Report Slams Colorado Roadless Rule
Conservationists are raising concerns that a proposed “roadless rule” for managing rugged National Forest lands could threaten drinking water supplies in Colorado. A report released this morning criticizes the Obama Administration’s plan for Colorado’s roadless lands that offers some exceptions for coal mine and ski resort expansions.
The study by the Oregon-based Geos Institute summarized in the Journal of Soil and Water Conservation says about a third of Colorado’s entire water supply comes from protected, roadless forests, and it warns that further exceptions for development could pollute those headwaters, raising costs for cities and water utilities.
"When you punch a road into an undeveloped area it has long term consequences that will compound over time," said the Institute's president and chief scientist, Dominick DellaSala, who led up the study.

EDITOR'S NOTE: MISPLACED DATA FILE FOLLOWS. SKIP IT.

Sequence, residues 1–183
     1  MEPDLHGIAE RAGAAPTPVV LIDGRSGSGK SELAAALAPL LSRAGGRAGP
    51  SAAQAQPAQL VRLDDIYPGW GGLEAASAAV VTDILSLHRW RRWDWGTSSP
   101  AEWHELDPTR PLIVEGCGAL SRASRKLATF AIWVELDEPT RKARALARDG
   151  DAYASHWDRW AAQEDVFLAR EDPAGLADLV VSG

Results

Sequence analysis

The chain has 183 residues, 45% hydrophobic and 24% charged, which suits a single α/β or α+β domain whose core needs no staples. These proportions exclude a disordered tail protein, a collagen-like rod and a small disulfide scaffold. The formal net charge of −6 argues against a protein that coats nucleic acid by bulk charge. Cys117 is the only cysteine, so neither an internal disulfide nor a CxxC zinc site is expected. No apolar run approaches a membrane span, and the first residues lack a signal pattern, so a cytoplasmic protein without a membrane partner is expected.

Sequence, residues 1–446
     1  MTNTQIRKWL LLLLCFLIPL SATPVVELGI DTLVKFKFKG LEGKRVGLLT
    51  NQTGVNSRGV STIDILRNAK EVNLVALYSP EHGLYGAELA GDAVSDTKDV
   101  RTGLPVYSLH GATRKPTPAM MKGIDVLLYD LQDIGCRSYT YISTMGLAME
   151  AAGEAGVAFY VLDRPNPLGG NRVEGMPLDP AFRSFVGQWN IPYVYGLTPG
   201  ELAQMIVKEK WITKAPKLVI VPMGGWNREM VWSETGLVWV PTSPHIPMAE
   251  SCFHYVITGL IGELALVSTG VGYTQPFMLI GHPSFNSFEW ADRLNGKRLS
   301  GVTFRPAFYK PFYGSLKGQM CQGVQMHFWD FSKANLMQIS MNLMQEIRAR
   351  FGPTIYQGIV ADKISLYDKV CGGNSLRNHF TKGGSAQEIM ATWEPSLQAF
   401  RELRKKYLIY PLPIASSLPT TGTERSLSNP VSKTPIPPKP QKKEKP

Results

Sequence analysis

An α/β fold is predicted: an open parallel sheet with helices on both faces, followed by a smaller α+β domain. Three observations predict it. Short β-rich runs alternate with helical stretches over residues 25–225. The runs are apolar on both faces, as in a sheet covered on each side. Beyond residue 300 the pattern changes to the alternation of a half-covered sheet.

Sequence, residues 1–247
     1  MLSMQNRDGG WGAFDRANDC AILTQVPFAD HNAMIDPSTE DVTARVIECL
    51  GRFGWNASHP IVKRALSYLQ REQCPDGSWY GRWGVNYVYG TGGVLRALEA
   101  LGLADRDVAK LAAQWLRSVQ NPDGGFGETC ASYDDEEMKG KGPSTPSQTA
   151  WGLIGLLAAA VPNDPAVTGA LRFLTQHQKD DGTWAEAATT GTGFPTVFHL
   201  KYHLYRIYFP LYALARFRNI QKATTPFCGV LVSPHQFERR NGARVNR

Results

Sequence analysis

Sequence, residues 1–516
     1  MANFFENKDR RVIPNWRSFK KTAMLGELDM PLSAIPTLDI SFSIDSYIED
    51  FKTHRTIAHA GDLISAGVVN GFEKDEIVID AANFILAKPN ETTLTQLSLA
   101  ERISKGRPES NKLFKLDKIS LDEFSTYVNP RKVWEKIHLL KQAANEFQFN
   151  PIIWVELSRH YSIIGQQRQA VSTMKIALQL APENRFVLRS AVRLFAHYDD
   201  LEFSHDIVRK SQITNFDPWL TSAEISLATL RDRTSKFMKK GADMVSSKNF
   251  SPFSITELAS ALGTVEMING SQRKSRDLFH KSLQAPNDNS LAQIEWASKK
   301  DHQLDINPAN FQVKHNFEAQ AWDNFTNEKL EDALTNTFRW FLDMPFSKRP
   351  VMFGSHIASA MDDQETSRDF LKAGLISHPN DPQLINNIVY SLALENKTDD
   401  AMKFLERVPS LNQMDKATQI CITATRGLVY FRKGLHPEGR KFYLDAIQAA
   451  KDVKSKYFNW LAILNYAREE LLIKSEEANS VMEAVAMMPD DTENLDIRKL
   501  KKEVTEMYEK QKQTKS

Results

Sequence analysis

DellaSala and his team analyzed data from across the National Forest system inventorying what lands serve as headwaters for cities, and how much cities and water agencies spend to treat water coming from forests.
"The best way forward on this is to make this rule as close as possible to the Clinton Roadless Rule, because it had more prohibitions in it to protect values like water quality," DellaSala said.
Colorado’s proposal would protect slightly less acreage than the original Clinton plan. But its backers call it an insurance policy should the courts overturn the 2001 national rule.